Deutscher employs an illuminating example of precisely such a place in which necropolitics, reproductive rights, and various figurations of sovereignty become entangled together – namely, in the visual rhetorics of anti-abortion billboards and roadside displays (see Figure 1). Here we can start to see the degree to which challenged, fantasmatic, multiple, and waning sovereignties get articulated and imputed to various subjects in various ways, as well as how discourses and dispositifs of affect, animality, criminality, motherhood, racialization, responsibility, and statistical enumeration traverse the contested political site: a site that is ostensibly coextensive with the body of the mother as such.
Particularly in the context of how abortion gets racialized in many of these billboards, it seems that Deutscher has put her finger on a very important and prescient example of just how biopolitics and necropolitics intertwine so as to inform, and be informed by, parallel and related discourses. In Figures 2-4, we can see how falsely affected concern for the black subject gets performed visually by means of deploying remarkably racist and storied rhetorics of animality (“Black Children Are An Endangered Species”), aggressive challenges to the legitimacy of black motherhood as such (“The Most Dangerous Place for an African-American Is in the Womb”), and implicit appeals to violence as stereotypically imputed to predominantly black communities (“End the Violence”). It is as if the only concern for people of color is when they are not yet born, as if white supremacy vocalizes itself quite explicitly in the following dictum: We care for you as long as you are not yet born, while you can still be used as a weapon against your communities and parents. After birth, you simply become our enemy again, no longer a weapon to be used in the slow-motion genocide being visited upon communities of color, but, now, only a target for systematic police brutality and harassment, subject to degraded and discontinued social services.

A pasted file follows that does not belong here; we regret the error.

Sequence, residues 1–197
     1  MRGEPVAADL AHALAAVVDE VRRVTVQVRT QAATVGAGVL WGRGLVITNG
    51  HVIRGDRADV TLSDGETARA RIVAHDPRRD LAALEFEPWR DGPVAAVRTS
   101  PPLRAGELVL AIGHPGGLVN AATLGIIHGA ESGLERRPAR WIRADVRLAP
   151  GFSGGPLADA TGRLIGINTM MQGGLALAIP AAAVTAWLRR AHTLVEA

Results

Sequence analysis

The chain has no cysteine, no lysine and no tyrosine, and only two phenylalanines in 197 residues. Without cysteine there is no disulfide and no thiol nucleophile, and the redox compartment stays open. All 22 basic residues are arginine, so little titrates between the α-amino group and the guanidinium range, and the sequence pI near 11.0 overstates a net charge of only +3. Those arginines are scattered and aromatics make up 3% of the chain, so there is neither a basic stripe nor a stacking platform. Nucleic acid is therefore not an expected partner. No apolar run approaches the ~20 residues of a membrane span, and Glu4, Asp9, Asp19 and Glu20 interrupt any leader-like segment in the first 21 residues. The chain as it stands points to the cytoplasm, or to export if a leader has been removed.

Perhaps perversely, this brings to mind a nightmarish illustration by the Swiss artist H. R. Giger – “Birth Machine Babies” (Figure 5) – in which the fetal form, environed in the firing chamber of some monstrous firearm, gets represented as a bullet, simultaneously an instrument for killing and a rather strange sort of subject whose brief existence gets figured entirely in terms of its weaponization.
More generally, Deutscher also draws our attention to some methodological principles or suggestions drawn from how Foucault, in fact, articulates his analyses. First, she argues, it is possible not only to read Foucault better by means of attending more carefully and closely to the historical and theoretical contradictions he emphasizes, but also to employ the categories and terms he provides us with to more provocative ends. In other words, the Foucauldian frame functions not just to show us how our subject positions are invalidated by their implication in various states of affairs (e.g., structural injustices). Perhaps more importantly, however, it enables us to articulate and examine the complexity of the world in which we are acting and reacting.
As Deutscher emphasizes, all modes of power are always already multimodal. A hand raised to another person in care can be read not only as a gesture of care, but also as a gesture of the assumption of right, or of appropriation. Indeed, such a gesture might well be both of these things at the same time – both care and appropriation, equally and incommensurably. This is because any given mode of power traverses multiple registers, just as it is traversed by multiple temporalities. As Deutscher notes, we all-too-often expect a phenomenon we encounter to be one thing. We expect this from our objects of study, but we also expect it from our theorists (such as Foucault). To the contrary, she suggests, awareness of the multiple modes of power that transect any given site of interest makes possible modes of productive disruption that otherwise might remain inaccessible to us. This is as equally true for our objects of study as it is for the theorists we employ.